There were two sort of distinct things. One was when I was finishing lyrics and working on the words, trying to come up with a visual for the record, which is such a distinctive, specific thing, it’s such a big part of the record for me at least, I found Milly. I felt like the entire time that I was writing, I was writing for something really specific. I’m channeling something here which is like this recklessness, this emotional, raw, chaotic feeling of like these early moments. I just didn’t know what it was. Like you were saying earlier, the (idea of) wrestling with the self-doubt and your identity and stuff, which you think would go away when you’re my age, you’re 35. I think I found her stuff and I found bits of that short film we just released and I was like ‘This is it.” It felt interesting because it’s someone who lives thousands of miles from me, is ten years younger than me, the opposite sex of me. It was just so interesting. There’s almost a link in how totally alien we are to each other in terms of where we our in our lives and our life experiences, but the feelings we were having were almost exactly the same. Also, I think that for the cover, it’s kind of a continuation of this that so much of Wild Cub is built on which is understanding the emotional moments that shape you as a person. How you can go through from adolescence, all the way to adulthood, and you are shaped by moments of vulnerability. It’s this constant battle of how you maintain just enough rawness to still be this authentic, open, emotionally vibrant person, while still going through the slings and arrows of what it is to come into existence from adolescence into adulthood.
Two of the singles that have been released ahead of the album are equally as danceable and emotional. What are some insights into the creation, meaning or sound of both of the following songs that you could speak about?
I’m really excited by that song because it was the first song where we finished and I was like ‘This sounds like a Wild Cub song, but something new. Something that was almost like a continuation, without skipping any steps.’ It just felt exciting, like a step forward but in a way that you would find familiar and exciting still. For me, I was always interested in the idea of messing around with this lower register in my voice in the verses. I felt like the horns and the choruses were an interesting thing that could have been pulled from the 70s, 80s, 90s. To me it just had an interesting timelessness about it. It had this feeling of so many different bands I enjoy, like it’s a very distinctive song within the cannon of what their work is. To me, it was like the first song that had a personhood. You’re building all these demos and they all sit in a giant folder and they all range from, like they literally could be just two words from a song, to this is a fully formed song, to this song is going to be a huge touchstone. And this song, very early on, it was like this was a pathway (we) should keep going down.
We had battled having enough up-tempo, high-energy songs when we had the first record because (it) was a little bit more groovy, a little bit mid-tempo. I think for “Speak” it was like, how do we have a song that could just command people’s attention from the very first second, that’s sonically. And I think lyrically, for me, it was like how can I try and tell a more specific story. Not tip totally into the world of ‘Here’s a story about two people. I’m going to tell you their names and where they were born and where they died.’ But more like, ‘How do I take these things that where, on the first record were just these abstract words and word associations and little flickers in the dark, to being like these are a bunch of different, specific memories threaded together.’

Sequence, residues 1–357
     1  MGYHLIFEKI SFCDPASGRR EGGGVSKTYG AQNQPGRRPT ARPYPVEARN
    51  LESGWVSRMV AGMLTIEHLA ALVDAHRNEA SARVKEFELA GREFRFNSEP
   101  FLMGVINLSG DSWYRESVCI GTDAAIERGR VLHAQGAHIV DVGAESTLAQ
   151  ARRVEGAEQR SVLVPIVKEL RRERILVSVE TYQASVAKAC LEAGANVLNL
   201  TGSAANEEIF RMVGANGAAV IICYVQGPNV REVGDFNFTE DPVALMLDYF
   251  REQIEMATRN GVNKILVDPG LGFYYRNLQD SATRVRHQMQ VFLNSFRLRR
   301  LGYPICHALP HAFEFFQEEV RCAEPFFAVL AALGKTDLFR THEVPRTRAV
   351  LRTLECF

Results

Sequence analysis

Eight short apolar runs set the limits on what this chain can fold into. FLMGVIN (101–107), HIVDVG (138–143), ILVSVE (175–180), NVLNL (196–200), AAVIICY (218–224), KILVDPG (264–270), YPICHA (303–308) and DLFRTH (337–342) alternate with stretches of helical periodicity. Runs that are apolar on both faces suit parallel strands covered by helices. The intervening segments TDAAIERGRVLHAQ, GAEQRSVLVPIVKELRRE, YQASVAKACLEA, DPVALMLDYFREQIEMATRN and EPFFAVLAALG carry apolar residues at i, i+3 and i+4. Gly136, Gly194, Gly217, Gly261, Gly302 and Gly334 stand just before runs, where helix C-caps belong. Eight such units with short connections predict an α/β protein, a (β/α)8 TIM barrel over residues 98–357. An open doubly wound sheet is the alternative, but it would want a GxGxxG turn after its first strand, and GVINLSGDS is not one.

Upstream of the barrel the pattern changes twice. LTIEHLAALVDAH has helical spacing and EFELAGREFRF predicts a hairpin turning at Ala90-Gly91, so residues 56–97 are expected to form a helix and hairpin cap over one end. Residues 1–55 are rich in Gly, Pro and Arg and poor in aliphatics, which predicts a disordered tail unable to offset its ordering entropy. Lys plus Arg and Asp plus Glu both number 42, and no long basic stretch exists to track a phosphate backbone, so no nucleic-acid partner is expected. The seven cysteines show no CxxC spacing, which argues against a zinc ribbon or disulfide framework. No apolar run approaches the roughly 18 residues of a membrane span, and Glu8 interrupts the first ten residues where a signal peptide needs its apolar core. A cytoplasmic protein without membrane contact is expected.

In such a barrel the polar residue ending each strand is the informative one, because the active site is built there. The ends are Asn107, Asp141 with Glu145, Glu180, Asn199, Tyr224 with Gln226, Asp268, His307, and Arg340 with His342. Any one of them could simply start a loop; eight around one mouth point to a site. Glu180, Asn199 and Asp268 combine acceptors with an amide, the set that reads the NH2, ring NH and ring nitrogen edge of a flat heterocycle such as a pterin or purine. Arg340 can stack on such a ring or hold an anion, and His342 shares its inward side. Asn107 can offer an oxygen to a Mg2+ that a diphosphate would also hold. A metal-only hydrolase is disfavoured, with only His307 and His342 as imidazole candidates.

You mentioned before that the hit single “Thunder Clatter” from your last record spawned numerous emails and messages from fans claiming the meaningful impact that song had on them personally. That being said, what are you hoping fans can take away from “Closer?”
First of all, it was an important thing for us to not place any expectation on beating or exceeding the sort of fan interaction we had from “Thunder Clatter.” I feel like you’re lucky to have one of those songs. It’s just a song that was successful and goes places, but it’s one that has real emotional resonance to people’s lives. There’s plenty of people who don’t have a single one of those songs, so we were immensely lucky. That was really important for me to just lop that expectation off immediately, and just be like ‘How can I try to do something that feels like I’m authentically communicating with whomever as I write this stuff,’ and make that the first priority. I was really trying to write every single song as if it was a person sitting in their bedroom by themselves. By putting on a song, they felt like I was sitting there with them being like, ‘I’m feeling what you’re feeling.’ I don’t mean that in like a universal, heal-the-world kind of way. I mean it the way of, for me, music always served that purpose at all stages of my life. You put on music almost for company, to have a mirror to look into, or like, ‘I’m driving and I feel awesome,’ and you put on this song and you know that that’s the song. When you play it, you feel lost in something, (which) makes you feel a little less lost. I feel most every song, both musically and lyrically… I was really trying to create this thing where it was like we all have constant self-doubt and questioning stuff, and that’s okay. That’s the currency, of how these moments of what Wild Cub is all about, are made.